Integrating Business and Embracing Risk

As I have mentioned before, fifty years ago, General Motors (GM) was the world’s largest employer. Like most industrial giants, GM was built on standardization, specialization and stability and the company represented the typical needs of business education: Provide a large, stable company with life-long specialists in areas such as Accounting, Marketing, Management, or Finance. Employees were brought in with one of those degrees, put through internal management training and worked their way through their functional department until retirement. That was the career path most business school graduates could expect and colleges built educational programs accordingly. That marketplace is largely gone, yet, our educational model has remained pretty much the same.

Today, students must prepare for a more diversified economy that offers shorter- term employment prospects and values customization, connectivity and speed. Companies need people who can innovate by connecting the dots, communicate effectively with diverse groups of people and assume different roles as the firm responds to a turbulent marketplace. This will require employees who understand the entire enterprise, see opportunities in emerging trends, and can pull together diverse resources to create value. As such, faculty must work in new ways to provide the kind of education that produces such “integrators” by changing the culture, structure, and substance of the business school experience.

Last year, we began work on this new business school experience. Faculty, alums, prospective employers and friends of the college all contributed to a new program and structure that will launch in 2015. The centerpiece of this new experience is the Integrated Business Major – a program designed to create holistic business professionals with the attributes to succeed in today’s economy. In addition, the specialty degrees of Accounting, Finance, Marketing, and Human Resources will become more focused and technical to meet the increased data analytic requirements of working in staff positions in these areas. In all, we are raising the standards for all of the degree programs in the college, while providing an educational experience that better reflects the demands of the marketplace.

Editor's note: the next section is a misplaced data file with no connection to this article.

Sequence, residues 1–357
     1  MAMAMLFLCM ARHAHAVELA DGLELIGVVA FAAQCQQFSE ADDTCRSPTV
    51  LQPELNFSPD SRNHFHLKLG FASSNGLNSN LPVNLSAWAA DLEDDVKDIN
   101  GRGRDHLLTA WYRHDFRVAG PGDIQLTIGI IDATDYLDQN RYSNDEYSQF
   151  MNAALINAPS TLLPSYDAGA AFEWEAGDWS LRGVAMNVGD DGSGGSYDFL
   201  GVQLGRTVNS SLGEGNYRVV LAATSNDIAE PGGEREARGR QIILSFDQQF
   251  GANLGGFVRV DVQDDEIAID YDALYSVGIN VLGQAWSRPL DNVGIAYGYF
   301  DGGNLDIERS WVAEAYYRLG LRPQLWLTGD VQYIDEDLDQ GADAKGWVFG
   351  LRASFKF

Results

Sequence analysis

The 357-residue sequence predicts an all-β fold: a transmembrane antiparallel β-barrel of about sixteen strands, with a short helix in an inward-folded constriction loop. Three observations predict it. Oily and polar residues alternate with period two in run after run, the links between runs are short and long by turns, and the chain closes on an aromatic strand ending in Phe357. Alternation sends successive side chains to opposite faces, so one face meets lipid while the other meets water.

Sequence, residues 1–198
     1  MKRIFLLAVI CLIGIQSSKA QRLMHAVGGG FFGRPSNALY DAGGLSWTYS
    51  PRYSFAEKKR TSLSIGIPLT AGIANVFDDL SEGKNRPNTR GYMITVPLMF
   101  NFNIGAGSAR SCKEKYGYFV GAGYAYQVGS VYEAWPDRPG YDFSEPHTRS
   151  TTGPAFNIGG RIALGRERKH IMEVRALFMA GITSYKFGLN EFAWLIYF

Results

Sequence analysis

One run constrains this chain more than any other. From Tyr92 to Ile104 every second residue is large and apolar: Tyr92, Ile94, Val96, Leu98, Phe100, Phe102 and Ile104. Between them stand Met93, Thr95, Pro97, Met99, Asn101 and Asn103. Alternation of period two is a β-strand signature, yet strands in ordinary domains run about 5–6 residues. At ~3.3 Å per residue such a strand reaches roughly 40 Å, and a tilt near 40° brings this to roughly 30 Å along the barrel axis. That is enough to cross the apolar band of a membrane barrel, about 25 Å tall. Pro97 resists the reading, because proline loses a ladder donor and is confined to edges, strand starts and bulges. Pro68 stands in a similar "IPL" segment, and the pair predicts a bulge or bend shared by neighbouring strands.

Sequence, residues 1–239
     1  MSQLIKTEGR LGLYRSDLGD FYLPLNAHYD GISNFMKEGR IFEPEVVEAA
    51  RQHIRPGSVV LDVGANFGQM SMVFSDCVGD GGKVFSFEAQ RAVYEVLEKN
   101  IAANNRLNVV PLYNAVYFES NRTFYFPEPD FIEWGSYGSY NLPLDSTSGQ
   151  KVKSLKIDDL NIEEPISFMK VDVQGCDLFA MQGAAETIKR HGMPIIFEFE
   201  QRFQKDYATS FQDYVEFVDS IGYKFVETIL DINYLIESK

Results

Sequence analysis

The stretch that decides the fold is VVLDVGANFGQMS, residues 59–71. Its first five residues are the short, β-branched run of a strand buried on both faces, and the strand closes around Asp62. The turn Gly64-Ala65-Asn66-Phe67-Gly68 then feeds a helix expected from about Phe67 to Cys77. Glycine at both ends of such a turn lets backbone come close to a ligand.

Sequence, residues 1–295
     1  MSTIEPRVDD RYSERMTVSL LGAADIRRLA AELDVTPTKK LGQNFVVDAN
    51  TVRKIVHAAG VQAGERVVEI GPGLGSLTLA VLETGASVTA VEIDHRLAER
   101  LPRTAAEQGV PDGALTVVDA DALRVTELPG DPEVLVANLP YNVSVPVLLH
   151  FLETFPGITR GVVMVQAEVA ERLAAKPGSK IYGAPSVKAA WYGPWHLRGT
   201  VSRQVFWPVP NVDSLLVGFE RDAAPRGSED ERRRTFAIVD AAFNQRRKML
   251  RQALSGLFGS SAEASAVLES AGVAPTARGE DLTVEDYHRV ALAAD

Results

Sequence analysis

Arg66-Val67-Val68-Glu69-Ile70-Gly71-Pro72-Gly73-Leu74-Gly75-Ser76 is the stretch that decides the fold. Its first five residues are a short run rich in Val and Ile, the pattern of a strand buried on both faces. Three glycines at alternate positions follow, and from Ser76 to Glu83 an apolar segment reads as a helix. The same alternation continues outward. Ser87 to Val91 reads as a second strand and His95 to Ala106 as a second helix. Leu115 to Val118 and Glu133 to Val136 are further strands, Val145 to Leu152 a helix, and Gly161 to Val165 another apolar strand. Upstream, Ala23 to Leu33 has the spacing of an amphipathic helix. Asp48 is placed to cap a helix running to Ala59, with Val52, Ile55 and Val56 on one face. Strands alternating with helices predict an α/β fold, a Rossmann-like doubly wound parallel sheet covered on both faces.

In many ways, our new approach is similar to long-standing practice in the medical profession. General practitioners treat the entire patient by providing people with a wide range of services that meet most of their needs. Then there are the specialists like cardiologists, urologists, endocrinologists and others that meet very specific needs. Just as patients want great physicians to handle each need, businesses are demanding personnel in the same way – a pool of outstanding integrators who understand the entire business and a higher quality pool of specialists (either housed internally or contracted) to tackle more technical issues.

In the end, we expect that this new mix of majors and culture of engagement will produce graduates that: 1) are great collaborators and communicators; 2) can get outside their comfort zone, transition effectively from project to project and take risks; 3) are able to find and use real-time data to make good decisions; and 4) are problem solvers. These qualities transcend “majors” and will be a competitive edge for our students as they compete for their jobs, build varied careers and aspire to leadership.

I have seen so much great work and enthusiasm from the CBA faculty members, staff and friends of the college who have led this effort. We have some hard work ahead and our sense of positive restlessness will no doubt alter our approach as we move forward, but we have embraced risk and I am looking forward to see how these changes transform this college and the lives of our students. We will keep you all informed as we move forward, stay tuned….


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